In the algebra of absolutely convergent Fourier series with an adjoined identity any maximal ideal coincides with the corresponding primary ideal.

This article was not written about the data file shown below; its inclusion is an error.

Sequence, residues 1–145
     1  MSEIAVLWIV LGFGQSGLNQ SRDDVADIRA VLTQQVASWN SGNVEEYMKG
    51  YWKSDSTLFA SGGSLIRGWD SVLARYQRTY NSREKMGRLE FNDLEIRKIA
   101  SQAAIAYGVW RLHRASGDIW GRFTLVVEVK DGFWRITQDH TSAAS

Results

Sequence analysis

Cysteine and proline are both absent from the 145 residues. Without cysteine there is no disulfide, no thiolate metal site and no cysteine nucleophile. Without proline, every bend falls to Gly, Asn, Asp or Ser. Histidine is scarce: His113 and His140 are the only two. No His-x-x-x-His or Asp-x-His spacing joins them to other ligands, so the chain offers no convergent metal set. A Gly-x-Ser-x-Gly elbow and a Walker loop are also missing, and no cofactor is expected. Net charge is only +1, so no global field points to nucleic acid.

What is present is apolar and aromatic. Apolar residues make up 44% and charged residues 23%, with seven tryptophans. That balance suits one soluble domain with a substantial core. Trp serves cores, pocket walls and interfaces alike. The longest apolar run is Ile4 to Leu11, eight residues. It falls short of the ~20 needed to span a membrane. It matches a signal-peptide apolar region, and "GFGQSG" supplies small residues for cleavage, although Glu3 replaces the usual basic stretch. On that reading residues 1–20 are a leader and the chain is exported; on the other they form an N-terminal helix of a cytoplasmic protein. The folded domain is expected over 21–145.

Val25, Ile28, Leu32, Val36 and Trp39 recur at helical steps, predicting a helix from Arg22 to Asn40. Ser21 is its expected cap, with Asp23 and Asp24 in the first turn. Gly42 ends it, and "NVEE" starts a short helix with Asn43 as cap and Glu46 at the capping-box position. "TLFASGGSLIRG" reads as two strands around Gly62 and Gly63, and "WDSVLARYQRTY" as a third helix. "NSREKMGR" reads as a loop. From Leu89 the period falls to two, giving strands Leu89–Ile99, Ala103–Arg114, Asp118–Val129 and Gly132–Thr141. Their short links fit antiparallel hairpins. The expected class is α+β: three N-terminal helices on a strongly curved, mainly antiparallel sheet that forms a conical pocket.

Let $ A $ be a closed subalgebra of the algebra $ C(X) $, where $ X $ is a compactum (which does not necessarily coincide with the space of maximal ideals of $ A $). Let $ A $ separate the points of $ X $, i.e. for any two different points $ x _ {1} , x _ {2} \in X $ there exists a function $ f $ in $ A $ for which $ f (x _ {1} ) \neq f (x _ {2} ) $. The algebra $ A $ is called symmetric if both a function $ {f(x) } $ and the function $ \overline{ {f (x) }}\; $ belong to it. According to the Stone–Weierstrass theorem, if $ A $ is symmetric, then $ A = C(X) $. The algebra $ A $ called anti-symmetric if it follows from the conditions $ f , \overline{f}\; \in A $ that $ f $ is a constant function. In particular, algebras of analytic functions are anti-symmetric. A subset $ S \subset X $ is called a set of anti-symmetry (with respect to the algebra $ A $) if any function $ f \in A $ that is real on $ S $ is constant on this set. It follows from this definition that the algebra $ A $ is anti-symmetric if the whole set $ X $ is a set of anti-symmetry. In the general case the space $ X $ can be represented as the union of non-intersecting, closed, maximal sets of anti-symmetry. Each maximal set of anti-symmetry is an intersection of peak sets (a set $ P $ is called a peak set if there exists a function $ f \in A $ such that $ f \mid _ {P} =1 $ and $ | f(x) | < 1 $ if $ x \notin P $). It follows that the restriction $ A \mid _ {Y} $ of the algebra $ A $ to a maximal set of anti-symmetry is a closed (anti-symmetric) subalgebra of the algebra $ C(Y) $. If $ X $ is the space of maximal ideals of the algebra $ A $, the maximal sets of anti-symmetry are connected. If a continuous function is such that on each maximal set of anti-symmetry it coincides with some function in the algebra $ A $, then the function itself belongs to $ A $. This generalization of the Stone–Weierstrass theorem makes it possible, in principle, to reduce the study of arbitrary uniform algebras to the study of anti-symmetric algebras $ A $. However, the study of arbitrary algebras $ A $ cannot be reduced to the study of analytic algebras: There exists an example of an algebra of type $ R(X) $( a closed subalgebra of the algebra $ C(X) $) which does not coincide with $ C(X) $, and is anti-symmetric and regular.